As reported in PNAS Nexus, the team tested its method against commercially available hyperspectral imaging equipment when gathering information about the movement of blood oxygen in volunteers' eyelids, in models meant to mimic , and in a chick embryo.

Results show the smartphone camera produced hyperspectral information more quickly, more cheaply and just as accurately as those captured using specialized equipment. The smartphone approach can produce images in a single millisecond that would take conventional hyperspectral imaging three minutes to capture.

Kim said the work reported in PNAS Nexus focused on building the smartphone hyperspectral imaging algorithm rather than specific applications. But in other studies, the team has used its approach to measure blood hemoglobin for tissue oximetry and inflammation. Kim's lab used a computational approach that the researchers have dubbed "hyperspectral learning."

The process begins with a smartphone camera on an ultra-slow-motion setting that produces video at about 1,000 frames per second. Each pixel in each frame contains information for red, green and blue color intensity. The information is fed through a machine learning algorithm that infers full-spectrum information for each pixel.

That is used to produce the measurements of blood flow, particularly of the amount of oxygenated and deoxygenated hemoglobin in each pixel. These hemodynamic parameters can also be used to produce images and video that show oxygen saturation in their subjects over time.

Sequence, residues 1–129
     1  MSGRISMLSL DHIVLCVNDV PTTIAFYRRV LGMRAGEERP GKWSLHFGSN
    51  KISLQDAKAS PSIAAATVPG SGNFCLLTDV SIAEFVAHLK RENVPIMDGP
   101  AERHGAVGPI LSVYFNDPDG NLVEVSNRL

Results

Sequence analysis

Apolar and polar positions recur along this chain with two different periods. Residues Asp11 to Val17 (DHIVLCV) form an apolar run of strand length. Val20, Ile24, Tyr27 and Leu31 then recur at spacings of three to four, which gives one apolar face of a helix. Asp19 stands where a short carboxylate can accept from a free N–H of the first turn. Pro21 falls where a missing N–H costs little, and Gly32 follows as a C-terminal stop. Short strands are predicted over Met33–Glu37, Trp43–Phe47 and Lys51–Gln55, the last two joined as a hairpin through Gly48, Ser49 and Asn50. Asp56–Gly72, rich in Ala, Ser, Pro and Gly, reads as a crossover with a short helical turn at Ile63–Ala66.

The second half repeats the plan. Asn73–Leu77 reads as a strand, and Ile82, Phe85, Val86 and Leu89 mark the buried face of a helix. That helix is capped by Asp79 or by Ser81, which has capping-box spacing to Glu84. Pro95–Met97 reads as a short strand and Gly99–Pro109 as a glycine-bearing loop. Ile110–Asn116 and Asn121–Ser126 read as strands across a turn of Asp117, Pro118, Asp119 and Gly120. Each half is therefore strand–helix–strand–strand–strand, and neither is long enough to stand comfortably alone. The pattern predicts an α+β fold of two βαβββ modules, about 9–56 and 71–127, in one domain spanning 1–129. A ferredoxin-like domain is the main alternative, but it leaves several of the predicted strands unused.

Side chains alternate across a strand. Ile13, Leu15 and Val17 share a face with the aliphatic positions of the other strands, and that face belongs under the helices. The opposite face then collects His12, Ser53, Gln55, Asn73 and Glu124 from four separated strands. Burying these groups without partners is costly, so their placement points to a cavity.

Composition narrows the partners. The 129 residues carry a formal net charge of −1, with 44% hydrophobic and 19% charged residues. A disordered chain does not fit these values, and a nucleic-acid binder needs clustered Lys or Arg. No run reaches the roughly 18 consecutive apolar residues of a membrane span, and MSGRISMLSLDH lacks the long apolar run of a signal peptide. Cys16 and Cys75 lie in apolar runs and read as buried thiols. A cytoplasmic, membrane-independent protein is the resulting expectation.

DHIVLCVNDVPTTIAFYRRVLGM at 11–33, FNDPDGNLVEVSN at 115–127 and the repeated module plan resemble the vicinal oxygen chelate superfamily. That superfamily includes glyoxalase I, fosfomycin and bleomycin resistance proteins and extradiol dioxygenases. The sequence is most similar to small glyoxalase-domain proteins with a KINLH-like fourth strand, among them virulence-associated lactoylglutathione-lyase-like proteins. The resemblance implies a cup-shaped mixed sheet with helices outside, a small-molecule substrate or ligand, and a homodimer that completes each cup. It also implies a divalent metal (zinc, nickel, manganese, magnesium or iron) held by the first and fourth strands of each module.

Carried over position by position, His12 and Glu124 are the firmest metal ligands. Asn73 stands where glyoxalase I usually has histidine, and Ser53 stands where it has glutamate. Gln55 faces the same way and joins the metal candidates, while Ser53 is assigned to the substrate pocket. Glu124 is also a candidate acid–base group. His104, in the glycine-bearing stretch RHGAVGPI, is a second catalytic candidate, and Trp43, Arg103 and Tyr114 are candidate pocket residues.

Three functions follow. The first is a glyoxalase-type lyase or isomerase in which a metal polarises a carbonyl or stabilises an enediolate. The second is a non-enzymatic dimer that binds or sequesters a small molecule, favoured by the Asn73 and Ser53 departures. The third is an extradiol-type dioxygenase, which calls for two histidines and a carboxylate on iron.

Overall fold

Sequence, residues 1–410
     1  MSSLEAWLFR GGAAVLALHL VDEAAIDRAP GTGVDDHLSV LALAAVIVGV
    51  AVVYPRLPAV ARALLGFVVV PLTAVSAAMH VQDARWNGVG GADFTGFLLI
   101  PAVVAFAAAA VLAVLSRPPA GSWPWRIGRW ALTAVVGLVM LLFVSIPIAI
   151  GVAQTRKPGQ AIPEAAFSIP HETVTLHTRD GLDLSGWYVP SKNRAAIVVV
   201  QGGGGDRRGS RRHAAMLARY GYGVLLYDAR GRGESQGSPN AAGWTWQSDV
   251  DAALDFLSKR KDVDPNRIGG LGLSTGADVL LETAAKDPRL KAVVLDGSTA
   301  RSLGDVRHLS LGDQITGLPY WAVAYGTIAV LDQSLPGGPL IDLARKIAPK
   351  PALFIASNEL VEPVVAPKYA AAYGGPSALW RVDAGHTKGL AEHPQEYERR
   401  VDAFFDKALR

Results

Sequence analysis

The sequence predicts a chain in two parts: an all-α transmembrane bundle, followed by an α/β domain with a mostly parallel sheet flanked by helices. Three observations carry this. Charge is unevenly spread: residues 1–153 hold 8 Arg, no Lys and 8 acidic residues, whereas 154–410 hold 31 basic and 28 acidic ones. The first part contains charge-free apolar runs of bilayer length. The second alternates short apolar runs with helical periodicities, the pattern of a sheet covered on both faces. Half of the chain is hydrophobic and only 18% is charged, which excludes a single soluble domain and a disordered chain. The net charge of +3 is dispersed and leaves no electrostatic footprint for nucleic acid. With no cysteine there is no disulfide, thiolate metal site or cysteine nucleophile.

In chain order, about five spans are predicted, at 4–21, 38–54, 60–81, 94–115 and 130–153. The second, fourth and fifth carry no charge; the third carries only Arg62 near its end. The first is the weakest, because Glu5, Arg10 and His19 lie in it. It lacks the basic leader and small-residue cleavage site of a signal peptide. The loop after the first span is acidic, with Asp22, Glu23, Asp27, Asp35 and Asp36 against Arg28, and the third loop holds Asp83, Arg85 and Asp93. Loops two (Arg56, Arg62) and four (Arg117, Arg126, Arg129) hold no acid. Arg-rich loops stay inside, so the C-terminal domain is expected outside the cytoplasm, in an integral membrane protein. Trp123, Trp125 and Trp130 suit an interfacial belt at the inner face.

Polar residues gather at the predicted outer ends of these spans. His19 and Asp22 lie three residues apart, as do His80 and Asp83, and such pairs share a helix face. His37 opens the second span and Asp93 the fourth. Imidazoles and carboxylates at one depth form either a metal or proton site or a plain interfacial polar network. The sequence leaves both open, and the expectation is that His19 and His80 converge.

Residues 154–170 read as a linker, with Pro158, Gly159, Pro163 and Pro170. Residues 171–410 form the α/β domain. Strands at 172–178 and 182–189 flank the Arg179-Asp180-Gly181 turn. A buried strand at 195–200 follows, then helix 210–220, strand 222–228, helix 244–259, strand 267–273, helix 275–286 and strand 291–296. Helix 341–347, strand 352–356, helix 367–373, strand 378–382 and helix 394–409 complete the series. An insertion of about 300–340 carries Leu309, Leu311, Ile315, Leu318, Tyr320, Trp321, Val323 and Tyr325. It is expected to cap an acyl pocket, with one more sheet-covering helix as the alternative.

As with conventional machine learning, the team trains its algorithms on a data set, feeding it smartphone images and the corresponding hyperspectral images and fine-tuning the algorithm until it can predict the correct relationship between the two data sets. But by building the algorithms with equations derived from tissue optics—an approach sometimes called "informed learning"—the researchers require a far smaller training data set.

And whereas conventional hyperspectral imaging equipment must gather massive amounts of data, limiting either the spectral resolution or , the team's approach begins with video files that are hundreds of times smaller than files, allowing them to maintain a high standard on both fronts.

"Usually there's a trade-off to collect this information in an efficient manner. But with our approach, we have high spatial and at the same time," said Yuhyun Ji, first author and a graduate student in Kim's lab, which is currently working on applying this method to other mobile health applications, such as cervix colposcopy and retinal fundus imaging.

More information: Yuhyun Ji et al, mHealth hyperspectral learning for instantaneous spatiospectral imaging of hemodynamics, PNAS Nexus (2023). DOI: 10.1093/pnasnexus/pgad111

Journal information: PNAS Nexus

Provided by Purdue University
Citation: AI-driven mobile health algorithm uses phone camera to detect blood vessel oxygen levels (2023, June 7) retrieved 24 September 2023 from